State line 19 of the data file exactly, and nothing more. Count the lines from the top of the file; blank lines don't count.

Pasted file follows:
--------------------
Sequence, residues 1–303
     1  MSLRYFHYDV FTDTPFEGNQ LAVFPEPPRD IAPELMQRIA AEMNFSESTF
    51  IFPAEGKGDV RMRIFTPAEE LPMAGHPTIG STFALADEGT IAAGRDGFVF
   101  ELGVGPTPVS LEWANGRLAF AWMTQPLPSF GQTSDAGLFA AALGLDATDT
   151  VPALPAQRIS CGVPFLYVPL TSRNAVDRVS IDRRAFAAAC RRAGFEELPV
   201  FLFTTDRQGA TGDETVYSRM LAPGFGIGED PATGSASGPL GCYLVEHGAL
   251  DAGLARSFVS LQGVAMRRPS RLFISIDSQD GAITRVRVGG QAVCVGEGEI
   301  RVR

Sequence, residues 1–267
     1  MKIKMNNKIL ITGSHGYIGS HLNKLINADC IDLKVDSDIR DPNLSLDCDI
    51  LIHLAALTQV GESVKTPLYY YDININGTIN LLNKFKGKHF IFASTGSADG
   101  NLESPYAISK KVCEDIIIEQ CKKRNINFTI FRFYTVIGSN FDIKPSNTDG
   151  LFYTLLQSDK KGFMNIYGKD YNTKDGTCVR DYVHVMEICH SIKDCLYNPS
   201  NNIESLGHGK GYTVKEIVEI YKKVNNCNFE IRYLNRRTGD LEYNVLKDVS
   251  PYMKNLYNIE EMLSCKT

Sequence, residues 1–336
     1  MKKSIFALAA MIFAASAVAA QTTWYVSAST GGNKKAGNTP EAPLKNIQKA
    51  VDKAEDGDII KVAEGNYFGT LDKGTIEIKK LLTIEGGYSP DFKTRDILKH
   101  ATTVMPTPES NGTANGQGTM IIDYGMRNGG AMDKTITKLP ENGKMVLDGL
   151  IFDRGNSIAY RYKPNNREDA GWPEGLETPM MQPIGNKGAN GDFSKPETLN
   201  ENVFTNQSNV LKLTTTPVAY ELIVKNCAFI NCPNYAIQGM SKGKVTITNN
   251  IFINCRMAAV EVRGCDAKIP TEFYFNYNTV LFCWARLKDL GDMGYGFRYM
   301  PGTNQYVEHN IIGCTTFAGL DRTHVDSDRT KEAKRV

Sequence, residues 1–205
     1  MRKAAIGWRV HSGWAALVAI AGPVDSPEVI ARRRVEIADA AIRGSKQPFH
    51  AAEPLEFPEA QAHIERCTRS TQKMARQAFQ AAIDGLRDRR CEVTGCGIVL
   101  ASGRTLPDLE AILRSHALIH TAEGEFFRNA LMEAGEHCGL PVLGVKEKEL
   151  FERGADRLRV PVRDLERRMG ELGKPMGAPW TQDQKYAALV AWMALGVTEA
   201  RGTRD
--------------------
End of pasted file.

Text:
   101  ATTVMPTPES NGTANGQGTM IIDYGMRNGG AMDKTITKLP ENGKMVLDGL